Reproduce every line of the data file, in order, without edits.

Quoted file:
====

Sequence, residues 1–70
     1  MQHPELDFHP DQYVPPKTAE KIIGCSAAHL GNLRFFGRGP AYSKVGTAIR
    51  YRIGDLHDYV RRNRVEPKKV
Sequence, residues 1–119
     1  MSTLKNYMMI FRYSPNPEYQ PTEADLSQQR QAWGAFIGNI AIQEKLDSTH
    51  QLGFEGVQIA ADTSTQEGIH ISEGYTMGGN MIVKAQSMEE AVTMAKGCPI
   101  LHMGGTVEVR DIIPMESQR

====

Sequence, residues 1–70
     1  MQHPELDFHP DQYVPPKTAE KIIGCSAAHL GNLRFFGRGP AYSKVGTAIR
    51  YRIGDLHDYV RRNRVEPKKV
Sequence, residues 1–119
     1  MSTLKNYMMI FRYSPNPEYQ PTEADLSQQR QAWGAFIGNI AIQEKLDSTH
    51  QLGFEGVQIA ADTSTQEGIH ISEGYTMGGN MIVKAQSMEE AVTMAKGCPI
   101  LHMGGTVEVR DIIPMESQR